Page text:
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Washington State
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Combinatorics, Linear Algebra and Number Theory Seminar

Department of Mathematics and Statistics

WEBS 11

January 30, Monday, 4:10 - 5:00 PM

Daryl DeFord

Department of Mathematics and Statistics

Washington State University

Combinatorics, Linear Algebra and Number Theory Seminar

Department of Mathematics and Statistics

WEBS 11

January 30, Monday, 4:10 - 5:00 PM

Daryl DeFord

Department of Mathematics and Statistics

Washington State University

Title: Complexity bounds for sampling connected
graph partitions

Abstract: Applications to political redistricting have motivated interest in the problem of sampling partitions of planar graphs, where the induced subgraphs are constrained to be connected and to contain approximately equal numbers of nodes. While the abstract formulation of this problem is similar to well-studied examples of spin glasses from statistical physics, the imposition of a global constraint means that care must be taken when adopting methods from that setting. In this talk we will use the perspective of self-avoiding walks to explore these connections and analyze phase transitions, asymptotic behavior, and mixing times of the resulting systems. This will allow us to give formal statements about the complexity of this problem and to motivate current work on Markov-based approaches. We will also introduce several related open combinatorial problems and questions combining random graph theory and empirical geographic data.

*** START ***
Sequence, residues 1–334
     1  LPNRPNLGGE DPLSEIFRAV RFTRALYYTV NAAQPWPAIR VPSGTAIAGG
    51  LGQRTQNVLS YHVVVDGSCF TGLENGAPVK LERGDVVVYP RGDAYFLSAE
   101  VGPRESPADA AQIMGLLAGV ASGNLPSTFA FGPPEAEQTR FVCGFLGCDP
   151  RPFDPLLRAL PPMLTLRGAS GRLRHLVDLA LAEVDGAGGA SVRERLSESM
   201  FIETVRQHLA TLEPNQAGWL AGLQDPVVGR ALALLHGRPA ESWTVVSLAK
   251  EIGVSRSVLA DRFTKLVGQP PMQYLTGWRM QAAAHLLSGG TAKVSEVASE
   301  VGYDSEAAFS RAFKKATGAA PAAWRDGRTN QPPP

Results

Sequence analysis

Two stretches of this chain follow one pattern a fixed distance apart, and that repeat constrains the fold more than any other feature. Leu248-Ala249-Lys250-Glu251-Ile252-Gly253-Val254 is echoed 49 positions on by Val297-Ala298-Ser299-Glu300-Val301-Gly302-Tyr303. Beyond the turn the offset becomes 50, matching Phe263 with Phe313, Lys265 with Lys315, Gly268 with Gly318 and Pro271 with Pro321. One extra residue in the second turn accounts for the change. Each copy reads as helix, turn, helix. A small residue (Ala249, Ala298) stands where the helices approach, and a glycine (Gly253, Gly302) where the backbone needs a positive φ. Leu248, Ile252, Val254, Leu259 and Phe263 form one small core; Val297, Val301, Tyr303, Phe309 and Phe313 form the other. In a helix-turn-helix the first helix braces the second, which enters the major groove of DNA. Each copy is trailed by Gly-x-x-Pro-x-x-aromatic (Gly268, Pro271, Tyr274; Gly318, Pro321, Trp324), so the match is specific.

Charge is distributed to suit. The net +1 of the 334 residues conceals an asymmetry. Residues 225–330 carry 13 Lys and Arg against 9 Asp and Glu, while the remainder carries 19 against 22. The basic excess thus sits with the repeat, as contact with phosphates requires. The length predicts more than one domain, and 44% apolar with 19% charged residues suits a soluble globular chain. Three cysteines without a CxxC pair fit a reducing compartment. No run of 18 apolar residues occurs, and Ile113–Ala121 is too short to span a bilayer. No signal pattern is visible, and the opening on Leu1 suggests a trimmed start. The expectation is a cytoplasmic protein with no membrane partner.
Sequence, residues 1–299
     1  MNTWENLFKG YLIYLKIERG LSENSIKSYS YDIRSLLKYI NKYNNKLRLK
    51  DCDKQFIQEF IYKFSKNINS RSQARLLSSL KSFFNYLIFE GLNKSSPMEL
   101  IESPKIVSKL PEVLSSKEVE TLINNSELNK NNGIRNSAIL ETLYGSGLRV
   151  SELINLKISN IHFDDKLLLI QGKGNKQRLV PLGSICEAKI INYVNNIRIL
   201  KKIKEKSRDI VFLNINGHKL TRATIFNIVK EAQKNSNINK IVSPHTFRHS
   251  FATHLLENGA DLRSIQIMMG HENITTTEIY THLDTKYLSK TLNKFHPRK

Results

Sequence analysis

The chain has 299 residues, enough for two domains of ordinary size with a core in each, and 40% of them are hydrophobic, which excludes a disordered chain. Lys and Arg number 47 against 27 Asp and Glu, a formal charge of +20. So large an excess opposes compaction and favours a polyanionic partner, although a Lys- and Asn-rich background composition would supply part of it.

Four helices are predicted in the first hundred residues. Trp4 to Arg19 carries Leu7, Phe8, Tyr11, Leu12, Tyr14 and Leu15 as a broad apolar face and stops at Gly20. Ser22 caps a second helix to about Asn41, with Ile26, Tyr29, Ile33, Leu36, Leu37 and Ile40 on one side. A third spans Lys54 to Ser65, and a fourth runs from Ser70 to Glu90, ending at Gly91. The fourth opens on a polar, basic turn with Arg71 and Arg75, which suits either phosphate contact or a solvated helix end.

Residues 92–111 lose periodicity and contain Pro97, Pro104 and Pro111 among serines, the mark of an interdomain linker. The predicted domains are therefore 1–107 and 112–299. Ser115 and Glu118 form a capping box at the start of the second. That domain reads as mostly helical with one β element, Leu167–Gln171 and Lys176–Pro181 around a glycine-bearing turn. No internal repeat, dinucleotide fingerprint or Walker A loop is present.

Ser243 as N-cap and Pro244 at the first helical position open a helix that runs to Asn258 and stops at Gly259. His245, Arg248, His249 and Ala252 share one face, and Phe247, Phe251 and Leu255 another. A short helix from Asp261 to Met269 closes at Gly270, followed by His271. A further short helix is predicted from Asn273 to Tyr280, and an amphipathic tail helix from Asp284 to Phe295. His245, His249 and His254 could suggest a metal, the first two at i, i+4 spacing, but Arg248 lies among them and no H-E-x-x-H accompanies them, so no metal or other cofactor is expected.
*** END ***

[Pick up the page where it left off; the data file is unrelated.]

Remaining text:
Abstract: Applications to political redistricting have motivated interest in the problem of sampling partitions of planar graphs, where the induced subgraphs are constrained to be connected and to contain approximately equal numbers of nodes. While the abstract formulation of this problem is similar to well-studied examples of spin glasses from statistical physics, the imposition of a global constraint means that care must be taken when adopting methods from that setting. In this talk we will use the perspective of self-avoiding walks to explore these connections and analyze phase transitions, asymptotic behavior, and mixing times of the resulting systems. This will allow us to give formal statements about the complexity of this problem and to motivate current work on Markov-based approaches. We will also introduce several related open combinatorial problems and questions combining random graph theory and empirical geographic data.